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There’s a map for that

How far are you willing to travel to visit a clean lake?

When Institute on the Environment’s Natural Capital Project lead scientist Bonnie Keeler wanted to better understand how lake users make decisions about their recreation choices and the value society places on water quality, she turned to U-Spatial, a center that provides technical support and worldwide spatial data — often in the form of highly detailed digital maps — for researchers across the University of Minnesota system.

Using Flickr photos of vacation spots in Minnesota and Iowa and associated information about the photographer’s home location, U-Spatial was able to plot the most likely route vacationers had taken to their destination, allowing Keeler to estimate distance traveled. She found that people are willing to drive farther to recreate on or near cleaner water.

“U-Spatial added so much value to that project,” said Keeler, who has used the study as an example of how unique methods and novel data can be used by water resource managers and other decision makers to prioritize conservation investments.

U-Spatial, part of Research Computing, was established in 2011 with funding from the Office for the Vice President of Research and matching grants from IonE and other University units. So far the staff has worked with 2,000 researchers in 150 departments and centers across campus, offering support to staff, students and faculty. IonE-affiliated researchers and others both benefit and contribute to the resource.

Len Kne, U-Spatial’s associate director, says the most common request is for geocoding — finding latitude and longitude from addresses — to reveal “geographic patterns,” such as crime hot spots or clusters of heart attacks.

“It’s incredibly useful,” says Nicholas Jordan, IonE fellow and agroecology professor in the College of Food, Agricultural and Natural Resource Sciences. Jordan says he has relied on U-Spatial for “collaborative geodesign” in his work to boost the productivity of agricultural landscapes while maintaining biodiversity, water quality and other ecosystem functions.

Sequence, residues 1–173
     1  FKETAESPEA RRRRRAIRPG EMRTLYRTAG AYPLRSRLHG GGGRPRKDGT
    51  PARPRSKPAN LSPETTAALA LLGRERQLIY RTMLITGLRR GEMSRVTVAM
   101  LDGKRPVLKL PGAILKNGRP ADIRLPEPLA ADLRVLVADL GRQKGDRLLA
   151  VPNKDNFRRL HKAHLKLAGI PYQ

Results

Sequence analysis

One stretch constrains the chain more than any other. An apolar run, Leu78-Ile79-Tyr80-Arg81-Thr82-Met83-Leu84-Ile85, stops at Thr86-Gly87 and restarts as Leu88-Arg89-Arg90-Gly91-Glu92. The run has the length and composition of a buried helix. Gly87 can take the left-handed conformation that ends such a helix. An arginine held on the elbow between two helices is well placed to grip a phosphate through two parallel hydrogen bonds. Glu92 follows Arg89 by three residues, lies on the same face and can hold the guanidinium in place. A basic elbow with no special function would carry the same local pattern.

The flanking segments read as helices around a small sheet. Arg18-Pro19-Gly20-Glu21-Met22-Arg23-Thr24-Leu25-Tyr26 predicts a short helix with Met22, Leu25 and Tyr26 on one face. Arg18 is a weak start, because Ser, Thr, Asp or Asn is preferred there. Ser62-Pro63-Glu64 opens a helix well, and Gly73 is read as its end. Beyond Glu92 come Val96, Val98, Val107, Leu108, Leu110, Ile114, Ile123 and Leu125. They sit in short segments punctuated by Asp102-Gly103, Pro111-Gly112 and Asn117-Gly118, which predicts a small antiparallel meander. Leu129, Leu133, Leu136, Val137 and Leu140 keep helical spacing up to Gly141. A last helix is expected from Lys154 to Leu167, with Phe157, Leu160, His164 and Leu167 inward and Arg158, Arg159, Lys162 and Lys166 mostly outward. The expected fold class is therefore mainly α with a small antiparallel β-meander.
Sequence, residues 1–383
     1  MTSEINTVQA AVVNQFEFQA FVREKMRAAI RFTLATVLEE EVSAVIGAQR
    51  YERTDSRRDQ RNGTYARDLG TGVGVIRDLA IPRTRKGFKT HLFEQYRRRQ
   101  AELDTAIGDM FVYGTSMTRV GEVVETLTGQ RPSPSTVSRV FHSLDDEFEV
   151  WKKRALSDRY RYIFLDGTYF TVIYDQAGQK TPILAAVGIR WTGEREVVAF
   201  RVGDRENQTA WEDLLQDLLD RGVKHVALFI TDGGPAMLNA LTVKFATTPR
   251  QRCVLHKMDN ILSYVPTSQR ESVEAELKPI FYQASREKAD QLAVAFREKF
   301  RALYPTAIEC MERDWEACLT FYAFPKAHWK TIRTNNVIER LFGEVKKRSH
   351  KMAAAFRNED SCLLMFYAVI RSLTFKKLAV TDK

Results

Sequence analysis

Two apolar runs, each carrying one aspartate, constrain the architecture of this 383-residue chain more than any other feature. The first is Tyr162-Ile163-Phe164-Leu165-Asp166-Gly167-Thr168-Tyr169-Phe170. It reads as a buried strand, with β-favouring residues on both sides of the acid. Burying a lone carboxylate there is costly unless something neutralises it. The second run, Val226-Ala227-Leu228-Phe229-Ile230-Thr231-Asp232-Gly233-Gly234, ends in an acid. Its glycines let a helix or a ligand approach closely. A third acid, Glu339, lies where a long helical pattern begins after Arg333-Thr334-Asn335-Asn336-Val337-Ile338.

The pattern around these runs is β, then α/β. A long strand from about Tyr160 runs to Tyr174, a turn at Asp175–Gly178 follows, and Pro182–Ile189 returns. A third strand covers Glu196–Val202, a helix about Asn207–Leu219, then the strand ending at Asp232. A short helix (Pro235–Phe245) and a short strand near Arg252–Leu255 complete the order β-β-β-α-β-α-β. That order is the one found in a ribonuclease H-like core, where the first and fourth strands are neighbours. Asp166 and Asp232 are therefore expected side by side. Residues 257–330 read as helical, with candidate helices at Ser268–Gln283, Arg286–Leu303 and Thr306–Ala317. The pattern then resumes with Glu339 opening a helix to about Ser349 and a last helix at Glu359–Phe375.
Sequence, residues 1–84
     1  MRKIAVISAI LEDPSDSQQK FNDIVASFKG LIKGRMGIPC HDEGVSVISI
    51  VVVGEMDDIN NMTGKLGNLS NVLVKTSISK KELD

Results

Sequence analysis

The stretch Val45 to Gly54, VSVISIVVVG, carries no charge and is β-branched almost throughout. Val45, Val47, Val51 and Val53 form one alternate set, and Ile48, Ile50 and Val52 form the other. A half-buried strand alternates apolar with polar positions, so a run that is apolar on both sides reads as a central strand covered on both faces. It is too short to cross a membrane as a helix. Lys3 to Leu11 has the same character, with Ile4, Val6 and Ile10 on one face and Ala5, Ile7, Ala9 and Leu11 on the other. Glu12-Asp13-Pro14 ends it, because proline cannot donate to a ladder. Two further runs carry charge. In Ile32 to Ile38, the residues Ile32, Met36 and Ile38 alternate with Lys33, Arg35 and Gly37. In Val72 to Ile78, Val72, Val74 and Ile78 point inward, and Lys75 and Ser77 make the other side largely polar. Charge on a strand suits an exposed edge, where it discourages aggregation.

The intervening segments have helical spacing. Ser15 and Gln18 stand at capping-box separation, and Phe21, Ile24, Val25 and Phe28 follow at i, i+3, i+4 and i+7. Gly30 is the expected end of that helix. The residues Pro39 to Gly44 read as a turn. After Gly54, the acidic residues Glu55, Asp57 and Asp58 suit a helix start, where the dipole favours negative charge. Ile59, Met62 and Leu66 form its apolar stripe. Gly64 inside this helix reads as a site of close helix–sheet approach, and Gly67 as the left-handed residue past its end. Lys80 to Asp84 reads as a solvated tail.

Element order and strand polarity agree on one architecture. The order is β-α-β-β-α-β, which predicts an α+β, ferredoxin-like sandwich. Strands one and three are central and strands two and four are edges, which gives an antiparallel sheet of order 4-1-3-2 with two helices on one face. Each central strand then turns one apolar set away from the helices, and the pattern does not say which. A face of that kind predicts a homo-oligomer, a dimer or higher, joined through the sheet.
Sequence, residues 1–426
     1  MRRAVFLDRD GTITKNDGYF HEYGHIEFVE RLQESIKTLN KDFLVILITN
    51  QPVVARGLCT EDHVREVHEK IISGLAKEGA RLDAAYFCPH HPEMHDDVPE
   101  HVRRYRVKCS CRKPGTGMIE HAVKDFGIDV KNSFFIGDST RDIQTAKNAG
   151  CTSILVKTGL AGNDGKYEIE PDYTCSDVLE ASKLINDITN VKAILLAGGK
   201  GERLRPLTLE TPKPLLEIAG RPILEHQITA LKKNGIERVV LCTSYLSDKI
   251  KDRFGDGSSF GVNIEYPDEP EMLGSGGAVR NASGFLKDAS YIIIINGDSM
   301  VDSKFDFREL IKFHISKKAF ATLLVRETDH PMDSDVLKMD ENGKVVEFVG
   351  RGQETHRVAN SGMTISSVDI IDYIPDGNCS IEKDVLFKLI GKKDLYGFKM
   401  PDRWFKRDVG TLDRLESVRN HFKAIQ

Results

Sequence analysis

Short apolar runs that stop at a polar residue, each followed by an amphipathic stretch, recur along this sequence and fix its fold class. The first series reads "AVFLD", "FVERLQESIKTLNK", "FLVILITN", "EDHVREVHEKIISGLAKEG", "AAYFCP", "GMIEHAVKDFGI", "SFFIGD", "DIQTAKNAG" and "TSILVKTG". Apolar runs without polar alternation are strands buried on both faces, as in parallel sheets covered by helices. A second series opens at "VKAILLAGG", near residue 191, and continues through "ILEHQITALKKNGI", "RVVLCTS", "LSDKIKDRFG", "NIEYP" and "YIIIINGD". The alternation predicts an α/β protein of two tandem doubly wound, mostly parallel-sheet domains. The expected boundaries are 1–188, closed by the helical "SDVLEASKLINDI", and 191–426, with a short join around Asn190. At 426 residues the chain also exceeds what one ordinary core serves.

To be successful, the project Jordan has been leading for the past eight years needed people from all sides of the issue — farmers, watershed planners, community leaders — to fully understand the benefits and trade-offs of, say, converting streamside land to perennial grass. U-Spatial created a platform to help them do that.

“U-Spatial was able to visually show how parts of a landscape relate and how multiple purposes reflect each other” through use of an interactive tool built especially for the project, Jordan said.

This video produced by U-Spatial shows the platform at work.

 

U-Spatial has access to worldwide remote sensing and satellite imagery through licenses with the Digital Globe Foundation, and demographic and business-related statistics from sources such as Dun & Bradstreet, NAICS and the U.S. census via ESRI ArcGIS. They offer tutorials and workshops on how to use their service as well as offer guidance for other University resources.

The U-Spatial team is developing a new resource for use by anyone affiliated with the University called Data Locker, a spatial database and file storage service. The project recently got a $50,000 funding boost from IonE, among other supporters. The service helps researchers meet the requirements of data management plans and provides help all the way through archiving data when the project is complete.

“Instead of buying a new computer for your project, you can store it in the Data Locker and share it with anyone at the University and beyond,” Kne said. “The IonE funding allowed us to create a new position in the University Libraries, a spatial data curator, who guides researchers through the increasingly complex world of big spatial data.”

Partnering with U-Spatial proved a boon to Keeler, who was recently awarded a grant to expand her social media and travel cost project to look at tens of thousands of lakes across 17 U.S. states. Keeler and Kne have already found other ways to collaborate, including a study of visitation to parks in Minneapolis and Saint Paul and a new water use portal to visualize spatial data on water use in Minnesota.

“It’s the expertise and resources provided by U-Spatial that allow us to scale our work, rapidly build prototypes for new ideas and leverage the latest tools and techniques to solve interesting problems,” Keeler said.

Photo by &#169 MeshaZelkovich (iStock)

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